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Sony Sound Forge 10

Sony unleashes a robust update to its flagship audio recording and editing application By Jeffrey P. Fisher

Sony Creative Software has reached a major milestone with its September 2009 release of Sound Forge 10. Few applications survive all the way to high version numbers. But not only has the latest version of Sony's audio recording and editing program survived, it continues to thrive with a bevy of new features that keep you wondering how you ever worked without them.

The program already includes a deep and wide feature set so this review concentrates on the latest additions.

Event Editing
This tool brings a brand new level of editing efficiency to your desktop. For users of Sony Vegas Pro, this innovative Sound Forge editing mode will seem familiar. It's akin to the Timeline-based editing from that popular NLE. For those unfamiliar with this concept, the Event Edit mode lets you trim edges and separate sections inside the sound file providing unprecedented editing and processing flexibility.

Sound Forge 10 includes a radical new Event Edit mode.

Turn on this new editing mode using the Event Tool icon. Hover near either edge of a sound file and you can click and drag inward to trim the file length. Position the cursor where you wish to make an edit or other separation and press 'S' on your keyboard to split the file. Once split these file 'pieces' (called Events) can be moved, rearranged, cut, copied, pasted, and more --- all within the single sound file. For more precise editing, hold down the Alt key and slip trim to move the contents inside an event without affecting its edges.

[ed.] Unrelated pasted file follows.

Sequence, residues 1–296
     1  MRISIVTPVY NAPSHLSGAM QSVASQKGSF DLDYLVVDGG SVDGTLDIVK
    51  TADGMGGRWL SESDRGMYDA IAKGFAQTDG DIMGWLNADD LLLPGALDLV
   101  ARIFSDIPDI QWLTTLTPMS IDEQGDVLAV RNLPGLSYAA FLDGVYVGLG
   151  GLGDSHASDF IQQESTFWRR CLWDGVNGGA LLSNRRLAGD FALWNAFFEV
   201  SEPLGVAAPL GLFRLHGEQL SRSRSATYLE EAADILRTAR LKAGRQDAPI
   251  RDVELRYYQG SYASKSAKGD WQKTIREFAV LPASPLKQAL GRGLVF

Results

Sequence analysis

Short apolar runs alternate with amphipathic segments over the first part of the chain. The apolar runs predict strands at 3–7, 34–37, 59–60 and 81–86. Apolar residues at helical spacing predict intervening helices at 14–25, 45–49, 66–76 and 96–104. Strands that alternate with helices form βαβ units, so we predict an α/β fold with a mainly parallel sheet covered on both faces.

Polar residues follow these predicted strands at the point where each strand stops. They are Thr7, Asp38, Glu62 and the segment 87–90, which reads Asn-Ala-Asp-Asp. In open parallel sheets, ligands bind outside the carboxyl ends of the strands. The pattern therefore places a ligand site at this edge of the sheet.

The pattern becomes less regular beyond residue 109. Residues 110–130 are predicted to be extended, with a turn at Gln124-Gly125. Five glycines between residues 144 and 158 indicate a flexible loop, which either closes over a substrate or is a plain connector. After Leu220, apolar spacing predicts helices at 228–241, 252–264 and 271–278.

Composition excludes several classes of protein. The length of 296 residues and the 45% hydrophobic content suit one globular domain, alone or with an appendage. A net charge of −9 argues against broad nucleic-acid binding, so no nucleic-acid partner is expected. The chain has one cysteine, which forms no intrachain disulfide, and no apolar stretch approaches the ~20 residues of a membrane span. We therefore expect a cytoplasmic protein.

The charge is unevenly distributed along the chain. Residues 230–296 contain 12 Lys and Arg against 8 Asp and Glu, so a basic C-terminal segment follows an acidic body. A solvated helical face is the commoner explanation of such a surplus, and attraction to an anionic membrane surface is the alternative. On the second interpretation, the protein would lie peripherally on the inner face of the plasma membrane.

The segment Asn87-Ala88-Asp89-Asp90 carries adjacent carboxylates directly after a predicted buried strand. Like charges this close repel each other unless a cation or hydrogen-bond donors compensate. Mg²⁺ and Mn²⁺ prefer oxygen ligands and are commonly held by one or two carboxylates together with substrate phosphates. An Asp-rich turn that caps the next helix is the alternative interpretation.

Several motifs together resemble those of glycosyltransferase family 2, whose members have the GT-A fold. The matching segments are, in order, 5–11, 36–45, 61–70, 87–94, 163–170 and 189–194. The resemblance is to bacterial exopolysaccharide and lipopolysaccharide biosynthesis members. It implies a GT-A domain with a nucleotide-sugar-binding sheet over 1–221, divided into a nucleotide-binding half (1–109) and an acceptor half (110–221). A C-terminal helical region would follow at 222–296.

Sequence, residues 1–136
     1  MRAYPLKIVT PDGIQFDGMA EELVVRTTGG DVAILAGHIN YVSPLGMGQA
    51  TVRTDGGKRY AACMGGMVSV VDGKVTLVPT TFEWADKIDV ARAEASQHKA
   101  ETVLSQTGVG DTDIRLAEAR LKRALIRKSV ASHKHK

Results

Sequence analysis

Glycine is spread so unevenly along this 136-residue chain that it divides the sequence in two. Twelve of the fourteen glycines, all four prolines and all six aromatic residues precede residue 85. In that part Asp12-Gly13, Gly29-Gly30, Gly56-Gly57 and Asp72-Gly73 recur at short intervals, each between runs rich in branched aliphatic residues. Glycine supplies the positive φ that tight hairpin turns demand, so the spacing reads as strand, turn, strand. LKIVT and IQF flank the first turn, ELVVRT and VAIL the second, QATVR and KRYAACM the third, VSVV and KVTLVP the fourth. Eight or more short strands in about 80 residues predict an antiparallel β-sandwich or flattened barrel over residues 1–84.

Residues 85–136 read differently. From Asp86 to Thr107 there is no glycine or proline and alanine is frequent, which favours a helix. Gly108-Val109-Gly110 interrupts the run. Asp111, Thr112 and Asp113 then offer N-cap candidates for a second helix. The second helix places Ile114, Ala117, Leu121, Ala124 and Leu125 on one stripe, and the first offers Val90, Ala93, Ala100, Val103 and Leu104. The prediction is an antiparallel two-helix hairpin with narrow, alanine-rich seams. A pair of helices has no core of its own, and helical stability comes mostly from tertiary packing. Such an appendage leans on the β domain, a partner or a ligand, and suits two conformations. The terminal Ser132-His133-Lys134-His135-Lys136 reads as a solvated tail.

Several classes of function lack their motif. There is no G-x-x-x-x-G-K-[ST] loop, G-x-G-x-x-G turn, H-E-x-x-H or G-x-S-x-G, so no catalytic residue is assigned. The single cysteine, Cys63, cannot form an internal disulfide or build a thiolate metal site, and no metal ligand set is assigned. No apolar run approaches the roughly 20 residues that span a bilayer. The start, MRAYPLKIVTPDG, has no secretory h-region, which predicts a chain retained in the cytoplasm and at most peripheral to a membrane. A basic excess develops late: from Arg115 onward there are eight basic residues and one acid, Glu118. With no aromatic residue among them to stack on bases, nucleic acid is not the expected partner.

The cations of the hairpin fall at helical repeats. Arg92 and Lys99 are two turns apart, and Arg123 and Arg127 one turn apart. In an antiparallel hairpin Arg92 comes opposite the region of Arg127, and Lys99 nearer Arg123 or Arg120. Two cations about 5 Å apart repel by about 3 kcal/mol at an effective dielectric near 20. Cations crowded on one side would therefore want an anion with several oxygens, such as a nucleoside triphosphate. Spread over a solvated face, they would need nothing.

Sound Forge's Event Edit mode supports crossfades and fade-in/out.

Overlap any of these event pieces and they automatically crossfade. Right-click any of the crossfades and choose from 25 different crossfade shape options, too. Hover near the top left or right of the event and click and drag the yellow flag to create quick fade-ins and/or fade-outs. Hover near the top middle of the event and click and drag downward to adjust the volume. The waveform updates dynamically to visually show this volume change.

There are 25 different crossfade shapes from which to choose.

Also, you can process any individual event (or combination) with the built-in (and any third-party) audio processes and effects. However, I did miss Vegas Pro's Ctrl+Trim tool which supports time stretch/compress -- that would have been a handy feature to include in Sound Forge's Event Edit mode, too.

If you combine Event Editing with Sound Forge's multichannel functionality, the result is a crude, though serviceable, multitrack workflow that can let you build more complex projects quickly. This is not as robust as using a dedicated DAW (such as Vegas Pro), but in a pinch you could get some acceptable results.

Metadata views
For those who work with the Broadcast Wave format (BWF), you can use the new Metadata window to easily edit and view the BWF properties (View > Metadata). Other metadata that the program supports includes Regions List, Playlist, Track List, ACID Properties, CD Information, Sampler Loops, and Summary Information. Veteran users of the Regions and Playlist features should note that these have been removed from their former menu locations and made available via the metadata window instead.

View and Edit metadata for a variety of file formats and other needs.


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Related Keywords:sony sound forge 10 review, Digital audio editing, DAW, audio


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